An encyclopedia summarizing knowledge about all Native peoples north of Mesoamerica, including cultures, languages, history, prehistory, and human biology, is a standard reference work for anthropologists, historians, students, and the general reader. Leading authorities have contributed chapters to each volume. Area volumes include separate chapters on all tribes. This heavily illustrated work contains extensive bibliographies and is well indexed. Each volume may be purchased and used independently.

This print only set consists of 16 volumes (curiously numbered from 2-17) published over a period of decades:


  • v. 2:   Indians in Contemporary Society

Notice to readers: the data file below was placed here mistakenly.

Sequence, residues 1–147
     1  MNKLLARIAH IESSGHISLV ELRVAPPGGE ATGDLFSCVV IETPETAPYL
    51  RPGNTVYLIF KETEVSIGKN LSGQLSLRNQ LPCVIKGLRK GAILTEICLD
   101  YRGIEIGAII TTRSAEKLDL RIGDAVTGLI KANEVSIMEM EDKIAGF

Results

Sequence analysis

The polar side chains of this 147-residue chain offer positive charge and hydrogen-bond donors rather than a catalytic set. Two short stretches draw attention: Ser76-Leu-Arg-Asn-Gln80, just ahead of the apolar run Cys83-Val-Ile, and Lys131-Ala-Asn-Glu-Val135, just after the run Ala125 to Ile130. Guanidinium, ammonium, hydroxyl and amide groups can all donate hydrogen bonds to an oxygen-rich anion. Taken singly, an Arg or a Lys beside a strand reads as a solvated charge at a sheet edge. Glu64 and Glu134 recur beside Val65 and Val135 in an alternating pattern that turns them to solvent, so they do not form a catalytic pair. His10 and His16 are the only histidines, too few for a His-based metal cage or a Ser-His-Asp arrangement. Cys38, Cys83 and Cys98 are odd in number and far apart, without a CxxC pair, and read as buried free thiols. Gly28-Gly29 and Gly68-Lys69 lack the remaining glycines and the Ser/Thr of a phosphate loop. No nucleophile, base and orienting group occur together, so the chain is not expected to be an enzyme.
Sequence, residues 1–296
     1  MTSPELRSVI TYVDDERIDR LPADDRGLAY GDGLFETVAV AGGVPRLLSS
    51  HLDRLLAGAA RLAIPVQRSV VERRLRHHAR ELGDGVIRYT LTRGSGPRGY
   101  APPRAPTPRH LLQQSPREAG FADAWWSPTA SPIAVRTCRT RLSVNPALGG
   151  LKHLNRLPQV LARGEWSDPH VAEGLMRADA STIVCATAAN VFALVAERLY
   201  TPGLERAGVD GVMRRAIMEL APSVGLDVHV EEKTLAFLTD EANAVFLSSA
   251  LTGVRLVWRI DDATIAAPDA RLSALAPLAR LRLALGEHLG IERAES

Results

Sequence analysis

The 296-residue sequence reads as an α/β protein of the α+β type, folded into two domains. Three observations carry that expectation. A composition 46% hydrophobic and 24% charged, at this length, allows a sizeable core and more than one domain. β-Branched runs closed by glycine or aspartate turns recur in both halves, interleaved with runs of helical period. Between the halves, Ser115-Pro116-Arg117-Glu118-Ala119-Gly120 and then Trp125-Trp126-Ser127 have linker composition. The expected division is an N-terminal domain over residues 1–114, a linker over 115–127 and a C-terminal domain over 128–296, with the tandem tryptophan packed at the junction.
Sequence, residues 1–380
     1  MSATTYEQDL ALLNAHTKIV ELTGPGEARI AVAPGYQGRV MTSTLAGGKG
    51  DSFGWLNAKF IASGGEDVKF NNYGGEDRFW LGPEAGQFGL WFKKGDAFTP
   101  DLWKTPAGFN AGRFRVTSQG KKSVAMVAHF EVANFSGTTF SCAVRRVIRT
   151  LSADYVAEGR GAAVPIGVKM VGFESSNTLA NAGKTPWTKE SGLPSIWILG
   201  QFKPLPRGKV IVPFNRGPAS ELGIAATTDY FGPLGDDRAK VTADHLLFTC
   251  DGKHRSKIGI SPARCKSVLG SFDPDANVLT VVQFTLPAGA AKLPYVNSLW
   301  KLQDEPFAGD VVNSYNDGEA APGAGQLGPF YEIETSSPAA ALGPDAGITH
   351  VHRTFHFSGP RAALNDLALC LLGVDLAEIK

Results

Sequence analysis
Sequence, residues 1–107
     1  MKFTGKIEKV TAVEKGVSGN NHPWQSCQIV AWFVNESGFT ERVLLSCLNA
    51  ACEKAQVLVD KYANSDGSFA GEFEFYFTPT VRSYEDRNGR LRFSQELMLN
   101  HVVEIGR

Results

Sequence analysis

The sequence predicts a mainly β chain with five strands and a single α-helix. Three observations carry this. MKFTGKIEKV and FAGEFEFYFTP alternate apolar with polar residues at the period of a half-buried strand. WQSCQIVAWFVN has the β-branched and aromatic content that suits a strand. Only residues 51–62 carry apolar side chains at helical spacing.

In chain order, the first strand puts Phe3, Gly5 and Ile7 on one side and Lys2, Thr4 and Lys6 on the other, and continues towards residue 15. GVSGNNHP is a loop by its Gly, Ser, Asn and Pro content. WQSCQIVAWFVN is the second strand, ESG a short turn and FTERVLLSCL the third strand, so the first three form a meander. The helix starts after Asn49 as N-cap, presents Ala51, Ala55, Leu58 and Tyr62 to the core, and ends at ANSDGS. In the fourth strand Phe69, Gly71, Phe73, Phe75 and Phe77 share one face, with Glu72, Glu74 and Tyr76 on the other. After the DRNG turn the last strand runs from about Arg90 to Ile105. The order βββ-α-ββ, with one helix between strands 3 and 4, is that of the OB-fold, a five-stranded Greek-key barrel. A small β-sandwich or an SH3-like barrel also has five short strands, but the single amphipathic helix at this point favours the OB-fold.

• v. 3:   Environment, Origins, and Population
  • v. 4:   History of Indian-White Relations
  • v. 5:   Arctic
  • v. 6:   Subarctic
  • v. 7:   Northwest Coast
  • v. 8:   California
  • v. 9:   Southwest
  • v. 10:  Southwest
  • v. 11:  Great Basin
  • v. 12:  Plateau
  • v. 13:  Plains
  • v. 14:  Southeast
  • v. 15:  Northeast
  • v. 17:  Languages

The volumes relating to tribes can usually be counted on having these extra features in addition to narrative essays:

  • Key to tribal territories
  • Technical alphabet
  • English pronunciations
  • Conventions for illustrations
  • Preface – contains information about how information in volume was compiled.


Chronicling America (1836-1922)

Chronicling America (1836-1922) – http://chroniclingamerica.loc.gov

Representative questions that can be answered with this resource:

  • What were some headlines from a 100 years ago?